“Every tune is a surprise, so when I give a list of instructions they come with a disclaimer: ’Everything is subject to change, so pay attention!’ It’s sort of like a wild ride where you’re taking a lot of chances and pushing things to the edge, which is a very challenging thing for a jazz player. But the musicians, as I knew they would, rose to the occasion.”
Playing in the rhythm section alongside Wilson “Chembo” Corniel on congas, Roberto Quintero and Hiram “El Pavo” Remón, John D Martino on piano, and Boris Kozlov on bass, Sanabria stuck to his guns and stayed behind the drum set the entire time. With a host of NYC’s finest in the band and making guest appearances, Live & In Clave records a truly special gathering. “A lot of these players are known to their musical community, but unknown outside of there,” Sanabria says. “Their ages range from early twenties to 79 years old. The best bands in jazz and Latin music have always been combinations of youth and experience, and this is a perfect example.”
While Sanabria is more than satisfied with the sound he got, he’s even happier that the album taps into the historical undercurrent that defines rhythm for him. “The other thing I wanted to bring out is the spiritual, ancestral connection that we have to Africa, and that’s why this album opens up with the Yoruba chants for Elegua, the guardian of the crossroads in the Yoruba religion,” he explains. “The one thing lacking in most music today is that the players forget about the spiritual connection that music has in our lives. When you see a good rock, jazz, Latin or classical group, if the elements are really right, you almost feel like you’re in some spiritual type of ceremony, and I try to do that every time we perform. I think the spiritual side is one of the many reasons that the album got nominated for a Grammy, as well as the brilliant playing, compositions and arrangements.”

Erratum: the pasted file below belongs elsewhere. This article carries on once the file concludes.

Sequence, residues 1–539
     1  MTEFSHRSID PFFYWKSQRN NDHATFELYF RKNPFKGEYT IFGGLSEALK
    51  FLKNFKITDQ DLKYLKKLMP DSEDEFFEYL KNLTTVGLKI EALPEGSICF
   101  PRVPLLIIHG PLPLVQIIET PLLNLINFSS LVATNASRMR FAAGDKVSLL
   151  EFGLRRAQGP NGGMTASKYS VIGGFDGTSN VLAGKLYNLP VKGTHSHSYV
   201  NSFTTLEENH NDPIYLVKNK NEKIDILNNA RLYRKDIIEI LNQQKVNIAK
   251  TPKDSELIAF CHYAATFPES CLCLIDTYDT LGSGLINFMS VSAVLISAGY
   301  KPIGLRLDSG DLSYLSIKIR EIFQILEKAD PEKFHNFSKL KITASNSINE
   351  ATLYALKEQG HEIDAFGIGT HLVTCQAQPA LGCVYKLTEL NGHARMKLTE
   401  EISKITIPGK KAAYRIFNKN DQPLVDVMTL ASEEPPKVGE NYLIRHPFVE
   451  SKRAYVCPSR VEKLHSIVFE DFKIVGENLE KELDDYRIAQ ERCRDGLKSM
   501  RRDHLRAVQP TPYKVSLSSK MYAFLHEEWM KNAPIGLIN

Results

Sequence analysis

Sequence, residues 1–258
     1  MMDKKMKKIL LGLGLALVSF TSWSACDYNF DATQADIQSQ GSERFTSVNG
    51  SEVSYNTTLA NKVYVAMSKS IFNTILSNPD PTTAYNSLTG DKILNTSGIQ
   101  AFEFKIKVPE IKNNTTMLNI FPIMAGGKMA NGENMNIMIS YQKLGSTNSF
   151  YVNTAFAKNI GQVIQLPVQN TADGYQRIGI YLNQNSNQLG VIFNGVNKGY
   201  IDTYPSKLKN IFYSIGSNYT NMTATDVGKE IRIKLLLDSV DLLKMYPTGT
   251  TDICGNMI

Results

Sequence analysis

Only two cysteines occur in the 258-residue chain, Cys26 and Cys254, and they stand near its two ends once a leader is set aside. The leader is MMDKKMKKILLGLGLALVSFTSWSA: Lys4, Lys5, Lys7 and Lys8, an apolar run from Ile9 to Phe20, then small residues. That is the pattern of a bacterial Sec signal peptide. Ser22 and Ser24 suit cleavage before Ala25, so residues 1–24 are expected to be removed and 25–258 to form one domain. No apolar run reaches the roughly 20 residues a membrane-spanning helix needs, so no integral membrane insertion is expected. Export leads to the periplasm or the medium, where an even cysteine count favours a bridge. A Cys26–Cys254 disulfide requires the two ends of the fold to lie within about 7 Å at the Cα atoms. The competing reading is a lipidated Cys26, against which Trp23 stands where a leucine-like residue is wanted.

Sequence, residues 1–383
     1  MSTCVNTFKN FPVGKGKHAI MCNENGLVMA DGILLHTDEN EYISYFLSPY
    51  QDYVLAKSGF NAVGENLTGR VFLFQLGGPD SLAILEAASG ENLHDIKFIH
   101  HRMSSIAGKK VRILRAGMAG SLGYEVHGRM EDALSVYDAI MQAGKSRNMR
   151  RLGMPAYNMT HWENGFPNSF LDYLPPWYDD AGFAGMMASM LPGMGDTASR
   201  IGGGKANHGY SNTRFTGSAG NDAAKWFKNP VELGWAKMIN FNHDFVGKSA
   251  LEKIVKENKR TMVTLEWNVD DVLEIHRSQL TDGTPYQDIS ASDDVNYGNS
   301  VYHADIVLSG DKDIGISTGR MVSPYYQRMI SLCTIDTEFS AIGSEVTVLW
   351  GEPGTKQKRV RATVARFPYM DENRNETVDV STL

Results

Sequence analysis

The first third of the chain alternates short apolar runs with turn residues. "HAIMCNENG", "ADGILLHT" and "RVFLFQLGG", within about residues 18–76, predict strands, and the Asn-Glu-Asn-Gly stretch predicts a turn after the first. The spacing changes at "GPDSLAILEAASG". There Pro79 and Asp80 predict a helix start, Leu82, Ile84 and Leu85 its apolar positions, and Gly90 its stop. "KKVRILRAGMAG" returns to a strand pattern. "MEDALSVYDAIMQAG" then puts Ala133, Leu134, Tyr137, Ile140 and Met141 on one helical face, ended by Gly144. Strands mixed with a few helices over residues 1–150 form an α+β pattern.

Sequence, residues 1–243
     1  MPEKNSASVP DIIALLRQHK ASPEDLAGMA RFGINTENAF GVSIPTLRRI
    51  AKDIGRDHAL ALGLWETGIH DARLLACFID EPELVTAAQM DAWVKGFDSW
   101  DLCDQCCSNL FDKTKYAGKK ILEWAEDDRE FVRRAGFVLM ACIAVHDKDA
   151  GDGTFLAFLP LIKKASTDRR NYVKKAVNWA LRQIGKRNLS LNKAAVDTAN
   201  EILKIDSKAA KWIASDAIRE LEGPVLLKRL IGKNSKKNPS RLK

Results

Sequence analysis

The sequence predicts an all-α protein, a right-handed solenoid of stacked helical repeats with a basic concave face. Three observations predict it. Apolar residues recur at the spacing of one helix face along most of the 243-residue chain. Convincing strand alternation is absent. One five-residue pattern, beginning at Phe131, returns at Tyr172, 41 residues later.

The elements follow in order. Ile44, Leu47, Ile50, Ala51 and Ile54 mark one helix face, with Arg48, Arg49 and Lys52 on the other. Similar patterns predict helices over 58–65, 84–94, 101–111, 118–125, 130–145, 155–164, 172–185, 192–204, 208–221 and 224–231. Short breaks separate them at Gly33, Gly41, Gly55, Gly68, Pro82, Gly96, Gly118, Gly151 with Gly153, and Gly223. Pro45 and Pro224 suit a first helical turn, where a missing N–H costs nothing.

With his professorial knowledge of Afro-Cuban music, Sanabria can rattle off a long list of historical cats that he’s indebted to. Not surprisingly, Tito Puente shares top billing on that list, and his playing made a mark on another of Sanabria’s albums that’s rich in rhythm, 1993’s New York City Aché! While known to the world at large as a master timbale player, Sanabria reports seeing first-hand the equal ease with which he handled being a pianist, arranger and bandleader.
“In the early ’70s there was a period where Tito didn’t have a piano player – he couldn’t find a guy that could sight read the intricate parts,” Sanabria says. “So he hired a drummer, and Tito would play the gig on piano, and he was soloing too! So I said, ’My God, this cat is unbelievable!’ No offense to people like Ringo Starr or John Bonham, because people talk of them in reverent tones, but if these guys are gods in the drumming world, then Tito Puente must be beyond that, and people don’t realize that.”
It was two decades later before they finally got together in the studio for New York City Aché! Puente didn’t disappoint when he recorded the appropriately titled tracks “Two Generations: Parts I, II & III.” “That was an incredible experience,” Sanabria remembers. “It wasn’t like we trying to blow each other away. It was more like a father and son having a nice talk. It was a very spiritual thing.”